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Playing a role in a family’s success

Caseworker Katie Bellah
“A child’s return home does not necessarily mean saying goodbye.”

Krystle, a foster mother in Oregon, sent us a note requesting that we feature her family’s caseworker, Katie Bellah, as an Outstanding Caseworker. Krystle wrote:

“Katie not only cares about how we are doing as a foster family, but it is evident that the little one in our home is much more than a file on a desk for her. She cares deeply about him and the outcome of his life… We know Katie’s job is hard and often discouraging—but she is making a difference in the lives of kids and she is making foster parents’ jobs easier by showing support and concern.”

When we talked with Katie, we learned that she is a big fan of Krystle’s efforts to help children as well.

What did you do to make such an impression on this foster mother?

Krystle is a newer foster parent, I was her first caseworker. I know that the system we work within is very confusing for families. So when Krystle and I first started talking, I emphasized that there are no stupid questions, and she should feel confident asking me anything—and she did! At times we were emailing daily—about the progress of the child, and about the next steps for his mother, who was working hard to get him back.

Did Krystle’s foster son go home to his birth family?

Yes, after four months he went home to his mother. And Krystle’s efforts were a huge contributor to that outcome.

Can you talk more about how Krystle supported the reunification efforts?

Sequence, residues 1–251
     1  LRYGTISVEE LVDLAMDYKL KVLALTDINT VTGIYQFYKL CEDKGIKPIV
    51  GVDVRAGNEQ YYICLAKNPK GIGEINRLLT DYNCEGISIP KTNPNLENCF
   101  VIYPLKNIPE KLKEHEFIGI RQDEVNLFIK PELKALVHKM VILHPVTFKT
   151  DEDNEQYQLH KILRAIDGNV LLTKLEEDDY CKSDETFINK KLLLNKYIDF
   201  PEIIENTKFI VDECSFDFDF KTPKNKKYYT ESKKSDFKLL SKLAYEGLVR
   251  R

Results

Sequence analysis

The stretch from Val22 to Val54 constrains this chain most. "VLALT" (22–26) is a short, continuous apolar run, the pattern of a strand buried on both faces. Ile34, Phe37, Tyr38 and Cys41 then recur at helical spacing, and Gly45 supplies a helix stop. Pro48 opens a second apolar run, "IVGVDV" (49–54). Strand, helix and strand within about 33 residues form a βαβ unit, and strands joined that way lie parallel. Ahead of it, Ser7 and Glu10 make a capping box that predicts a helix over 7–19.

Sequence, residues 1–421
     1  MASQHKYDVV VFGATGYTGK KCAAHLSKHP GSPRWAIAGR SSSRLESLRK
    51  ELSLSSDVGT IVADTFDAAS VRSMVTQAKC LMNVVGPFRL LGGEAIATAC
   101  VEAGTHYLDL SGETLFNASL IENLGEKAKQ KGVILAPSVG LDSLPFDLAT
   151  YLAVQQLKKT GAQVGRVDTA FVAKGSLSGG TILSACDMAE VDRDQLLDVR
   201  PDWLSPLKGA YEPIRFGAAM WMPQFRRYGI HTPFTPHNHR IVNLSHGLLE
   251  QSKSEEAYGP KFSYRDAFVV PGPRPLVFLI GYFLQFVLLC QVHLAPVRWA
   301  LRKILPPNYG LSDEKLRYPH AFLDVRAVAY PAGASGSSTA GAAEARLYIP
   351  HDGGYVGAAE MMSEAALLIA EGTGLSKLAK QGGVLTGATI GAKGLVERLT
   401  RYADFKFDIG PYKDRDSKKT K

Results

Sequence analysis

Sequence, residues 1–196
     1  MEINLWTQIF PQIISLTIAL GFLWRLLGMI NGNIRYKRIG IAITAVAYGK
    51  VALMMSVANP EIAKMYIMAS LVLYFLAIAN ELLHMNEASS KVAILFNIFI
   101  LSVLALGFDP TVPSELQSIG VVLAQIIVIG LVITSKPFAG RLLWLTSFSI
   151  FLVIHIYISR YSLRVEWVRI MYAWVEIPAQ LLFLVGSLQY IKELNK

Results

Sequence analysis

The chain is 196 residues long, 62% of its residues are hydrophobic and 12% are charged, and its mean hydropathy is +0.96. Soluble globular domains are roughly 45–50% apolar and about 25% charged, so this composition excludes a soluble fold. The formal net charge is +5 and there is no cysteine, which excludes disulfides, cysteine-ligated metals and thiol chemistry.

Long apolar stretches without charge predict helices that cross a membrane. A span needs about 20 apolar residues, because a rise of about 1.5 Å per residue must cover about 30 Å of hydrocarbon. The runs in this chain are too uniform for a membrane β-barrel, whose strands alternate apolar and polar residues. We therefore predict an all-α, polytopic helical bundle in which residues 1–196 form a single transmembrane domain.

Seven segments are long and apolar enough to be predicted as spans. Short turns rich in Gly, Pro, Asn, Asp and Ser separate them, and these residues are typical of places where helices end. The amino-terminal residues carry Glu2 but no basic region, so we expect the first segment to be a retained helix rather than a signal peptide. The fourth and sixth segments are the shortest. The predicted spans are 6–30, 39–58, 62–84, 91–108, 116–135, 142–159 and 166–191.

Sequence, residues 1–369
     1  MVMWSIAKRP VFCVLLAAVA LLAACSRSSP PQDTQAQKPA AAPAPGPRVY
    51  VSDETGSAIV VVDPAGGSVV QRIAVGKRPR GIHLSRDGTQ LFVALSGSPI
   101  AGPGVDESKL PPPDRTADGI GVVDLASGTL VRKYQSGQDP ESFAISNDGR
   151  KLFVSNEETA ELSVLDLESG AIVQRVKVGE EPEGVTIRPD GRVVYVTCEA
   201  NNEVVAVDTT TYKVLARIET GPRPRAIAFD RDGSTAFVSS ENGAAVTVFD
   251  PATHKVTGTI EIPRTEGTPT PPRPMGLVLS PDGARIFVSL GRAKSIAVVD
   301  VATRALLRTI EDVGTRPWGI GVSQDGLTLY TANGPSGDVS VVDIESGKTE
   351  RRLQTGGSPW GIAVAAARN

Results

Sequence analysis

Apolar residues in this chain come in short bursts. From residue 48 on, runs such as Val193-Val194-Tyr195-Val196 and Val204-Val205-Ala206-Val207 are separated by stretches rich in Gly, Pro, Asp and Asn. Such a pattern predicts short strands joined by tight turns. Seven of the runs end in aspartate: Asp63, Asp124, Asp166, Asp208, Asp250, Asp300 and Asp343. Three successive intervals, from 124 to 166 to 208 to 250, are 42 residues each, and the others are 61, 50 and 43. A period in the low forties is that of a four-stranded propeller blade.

Krystle was almost a mentor to the birth mother. She visited with her and offered her advice in a caring, non-threatening way. And she kept the boy and his mother connected. When his mother had to miss a visit, Krystle sent her information about her son—simple details about his daily activities and progress. This kept the mother involved and, I think, helped give her the motivation she needed to do the difficult work necessary to be a better parent.

How do you help foster parents like Krystle when children leave their home?

I try to help foster parents prepare for the possibility from day one. But really, when a mother like Krystle loves a child so hard, so unconditionally—which is exactly what most children and youth need—it is going to hurt and the parents are going to grieve the change. It is only natural.

It is important to remember that helping a child return home does not necessarily mean saying goodbye. In Krystle’s case, I know she plans to maintain a relationship with the boy and his birth mother.

This case sounds like a happy ending. How do you stay positive when cases are more difficult?

On tough days, being able to turn to my coworkers is critical. We are a great team and we support each other. You cannot be a lone wolf and do this job. And of course, the rewards of the work keep you going. It is incredible to see the changes that parents are able to make to get their children back—and gratifying to think that you played a part in their family’s success.